IATA Airline Codes are used to identify an airline for all commercial purposes. the two character airline designator is assigned by IATA in accordance with the provisions of Resolution 762. The two character airline designator listed are for use in reservations, timetables, tickets, tariffs, air waybills, schedules publications and in airline interline telecommunications, as well as for the airline industry applications. IATA assigns three types of two character airline designators. Unique, numeric/alpha and controlled duplicate. (Source: The Airline Codes Website)
IATA codes are an integral part of the travel industry. There are three main coding systems:
- airline designators (e.g. AF = Air France)
- location identifiers (e.g. GVA = Geneva)
- accounting or prefix codes for transport documents (e.g. the accounting code 076 at the beginning of a ticket number identifies it to be a traffic document of Middle East Airlines). The same number can be used for cargo documentation and is known as an “airline prefix”.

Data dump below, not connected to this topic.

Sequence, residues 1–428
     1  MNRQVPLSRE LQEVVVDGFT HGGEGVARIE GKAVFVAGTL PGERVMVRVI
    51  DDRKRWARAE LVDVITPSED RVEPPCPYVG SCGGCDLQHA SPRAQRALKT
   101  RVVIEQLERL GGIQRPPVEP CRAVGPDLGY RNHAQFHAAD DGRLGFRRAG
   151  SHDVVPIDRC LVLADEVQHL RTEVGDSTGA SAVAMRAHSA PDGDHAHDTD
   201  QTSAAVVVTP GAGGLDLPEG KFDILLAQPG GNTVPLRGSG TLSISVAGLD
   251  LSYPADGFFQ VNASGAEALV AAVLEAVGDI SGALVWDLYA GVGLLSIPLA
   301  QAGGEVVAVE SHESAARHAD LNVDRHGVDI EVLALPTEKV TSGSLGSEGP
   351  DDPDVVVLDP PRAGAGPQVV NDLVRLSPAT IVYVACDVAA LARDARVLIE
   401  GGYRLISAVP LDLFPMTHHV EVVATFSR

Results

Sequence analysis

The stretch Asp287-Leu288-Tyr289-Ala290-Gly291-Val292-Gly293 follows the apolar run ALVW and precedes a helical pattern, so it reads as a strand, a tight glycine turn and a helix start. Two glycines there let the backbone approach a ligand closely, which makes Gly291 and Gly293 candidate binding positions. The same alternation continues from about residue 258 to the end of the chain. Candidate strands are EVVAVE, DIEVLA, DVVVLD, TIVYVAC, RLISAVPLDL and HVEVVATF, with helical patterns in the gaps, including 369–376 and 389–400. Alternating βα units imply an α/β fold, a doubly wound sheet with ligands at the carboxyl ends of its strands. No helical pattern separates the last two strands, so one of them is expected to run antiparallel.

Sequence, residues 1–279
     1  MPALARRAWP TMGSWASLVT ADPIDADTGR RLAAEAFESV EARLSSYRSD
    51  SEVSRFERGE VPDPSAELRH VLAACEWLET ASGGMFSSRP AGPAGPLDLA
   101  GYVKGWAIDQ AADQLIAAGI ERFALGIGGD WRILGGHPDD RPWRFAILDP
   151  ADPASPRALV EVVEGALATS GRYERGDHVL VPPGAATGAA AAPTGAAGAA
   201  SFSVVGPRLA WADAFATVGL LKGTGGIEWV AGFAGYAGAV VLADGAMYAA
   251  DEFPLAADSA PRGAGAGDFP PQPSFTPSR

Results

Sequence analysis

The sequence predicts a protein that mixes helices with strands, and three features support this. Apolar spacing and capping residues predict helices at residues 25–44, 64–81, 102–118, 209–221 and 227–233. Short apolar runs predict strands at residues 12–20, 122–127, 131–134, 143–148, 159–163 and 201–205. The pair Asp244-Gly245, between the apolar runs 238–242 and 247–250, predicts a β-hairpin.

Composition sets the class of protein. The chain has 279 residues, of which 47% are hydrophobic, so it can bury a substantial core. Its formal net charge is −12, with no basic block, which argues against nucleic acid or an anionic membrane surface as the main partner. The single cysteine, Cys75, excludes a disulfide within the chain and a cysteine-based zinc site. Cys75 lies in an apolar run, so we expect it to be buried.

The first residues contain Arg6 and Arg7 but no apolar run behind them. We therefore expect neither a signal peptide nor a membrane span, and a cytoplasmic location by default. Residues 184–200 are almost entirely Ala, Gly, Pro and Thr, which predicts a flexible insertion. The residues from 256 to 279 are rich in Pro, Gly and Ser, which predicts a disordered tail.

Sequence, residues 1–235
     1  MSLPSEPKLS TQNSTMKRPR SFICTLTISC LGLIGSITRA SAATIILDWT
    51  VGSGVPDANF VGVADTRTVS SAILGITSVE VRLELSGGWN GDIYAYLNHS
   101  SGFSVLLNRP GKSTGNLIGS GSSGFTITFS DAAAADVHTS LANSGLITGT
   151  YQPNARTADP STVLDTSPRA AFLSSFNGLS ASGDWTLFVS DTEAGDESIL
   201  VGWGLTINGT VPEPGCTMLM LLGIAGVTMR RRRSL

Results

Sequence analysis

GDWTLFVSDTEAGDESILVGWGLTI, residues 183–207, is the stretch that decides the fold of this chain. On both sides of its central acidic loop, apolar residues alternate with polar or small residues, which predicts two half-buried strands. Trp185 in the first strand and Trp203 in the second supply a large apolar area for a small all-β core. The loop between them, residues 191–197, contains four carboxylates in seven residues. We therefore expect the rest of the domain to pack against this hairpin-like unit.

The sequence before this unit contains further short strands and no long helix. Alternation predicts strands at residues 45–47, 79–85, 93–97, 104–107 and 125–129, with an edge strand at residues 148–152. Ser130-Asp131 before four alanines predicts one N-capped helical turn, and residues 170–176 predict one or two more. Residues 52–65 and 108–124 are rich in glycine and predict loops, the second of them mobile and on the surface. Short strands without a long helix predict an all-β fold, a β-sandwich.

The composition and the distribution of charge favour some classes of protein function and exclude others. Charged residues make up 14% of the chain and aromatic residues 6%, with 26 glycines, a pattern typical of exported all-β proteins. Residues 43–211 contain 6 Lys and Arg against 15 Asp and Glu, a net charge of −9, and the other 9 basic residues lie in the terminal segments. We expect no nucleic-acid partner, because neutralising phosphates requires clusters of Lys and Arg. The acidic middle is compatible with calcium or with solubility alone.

These coding systems are essential for the identification of an airline, its destinations and its traffic documents.
The codes are fundamental to the smooth running of hundreds of computer systems which have been built around these coding systems for passenger and cargo traffic purposes.
Regarding airline designators, other non-airline companies such as railway, bus and ferry companies, computer reservations systems (CRSs) and ULD owners/leasing companies may also be assigned an IATA airline codes. Airlines that do not qualify for IATA codes but operate at airports with automated baggage sortation systems may be eligible for a baggage tag issuer code.
Regarding location identifiers, bus, rail or ferry locations may be eligible for an IATA code if requested by an airline or CRS. (Source: IATA)
An alphabetical list of the various airline codes is given here.